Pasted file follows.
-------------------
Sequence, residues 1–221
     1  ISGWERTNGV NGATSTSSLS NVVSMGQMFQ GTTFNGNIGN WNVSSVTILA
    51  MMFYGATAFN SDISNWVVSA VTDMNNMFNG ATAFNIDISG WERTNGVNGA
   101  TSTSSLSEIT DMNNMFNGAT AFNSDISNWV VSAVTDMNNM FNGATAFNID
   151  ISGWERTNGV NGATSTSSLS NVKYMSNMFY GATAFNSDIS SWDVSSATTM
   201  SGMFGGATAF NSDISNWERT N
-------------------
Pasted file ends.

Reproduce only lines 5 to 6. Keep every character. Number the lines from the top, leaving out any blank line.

   151  ISGWERTNGV NGATSTSSLS NVKYMSNMFY GATAFNSDIS SWDVSSATTM
   201  SGMFGGATAF NSDISNWERT N